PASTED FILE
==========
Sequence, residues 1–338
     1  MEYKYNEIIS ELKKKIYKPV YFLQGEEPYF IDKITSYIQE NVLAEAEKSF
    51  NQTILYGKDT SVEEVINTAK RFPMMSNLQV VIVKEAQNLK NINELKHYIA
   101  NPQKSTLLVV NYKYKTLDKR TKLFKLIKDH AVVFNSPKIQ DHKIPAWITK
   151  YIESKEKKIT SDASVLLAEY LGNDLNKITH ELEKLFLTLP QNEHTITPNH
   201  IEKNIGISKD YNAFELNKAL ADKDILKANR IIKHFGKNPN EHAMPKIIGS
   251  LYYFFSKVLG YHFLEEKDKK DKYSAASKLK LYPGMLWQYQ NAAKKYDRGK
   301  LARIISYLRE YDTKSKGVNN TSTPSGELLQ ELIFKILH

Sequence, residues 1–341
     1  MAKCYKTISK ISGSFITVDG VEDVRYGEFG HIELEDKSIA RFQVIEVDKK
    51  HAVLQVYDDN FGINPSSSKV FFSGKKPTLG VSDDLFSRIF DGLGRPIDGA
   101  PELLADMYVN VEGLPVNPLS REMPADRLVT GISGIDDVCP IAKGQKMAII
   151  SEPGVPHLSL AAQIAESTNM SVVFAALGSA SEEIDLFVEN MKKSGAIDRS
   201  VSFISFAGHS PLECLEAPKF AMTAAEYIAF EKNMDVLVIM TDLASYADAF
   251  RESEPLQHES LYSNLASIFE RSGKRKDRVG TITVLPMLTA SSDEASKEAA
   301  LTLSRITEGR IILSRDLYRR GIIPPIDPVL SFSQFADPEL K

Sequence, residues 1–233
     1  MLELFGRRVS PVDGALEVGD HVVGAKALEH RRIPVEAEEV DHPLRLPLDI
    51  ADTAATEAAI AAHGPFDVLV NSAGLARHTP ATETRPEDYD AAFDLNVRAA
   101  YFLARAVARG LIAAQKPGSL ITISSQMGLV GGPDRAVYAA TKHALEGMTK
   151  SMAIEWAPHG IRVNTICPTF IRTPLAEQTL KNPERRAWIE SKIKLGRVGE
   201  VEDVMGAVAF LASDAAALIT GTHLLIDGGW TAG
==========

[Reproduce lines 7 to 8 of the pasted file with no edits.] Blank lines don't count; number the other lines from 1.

   251  LYYFFSKVLG YHFLEEKDKK DKYSAASKLK LYPGMLWQYQ NAAKKYDRGK
   301  LARIISYLRE YDTKSKGVNN TSTPSGELLQ ELIFKILH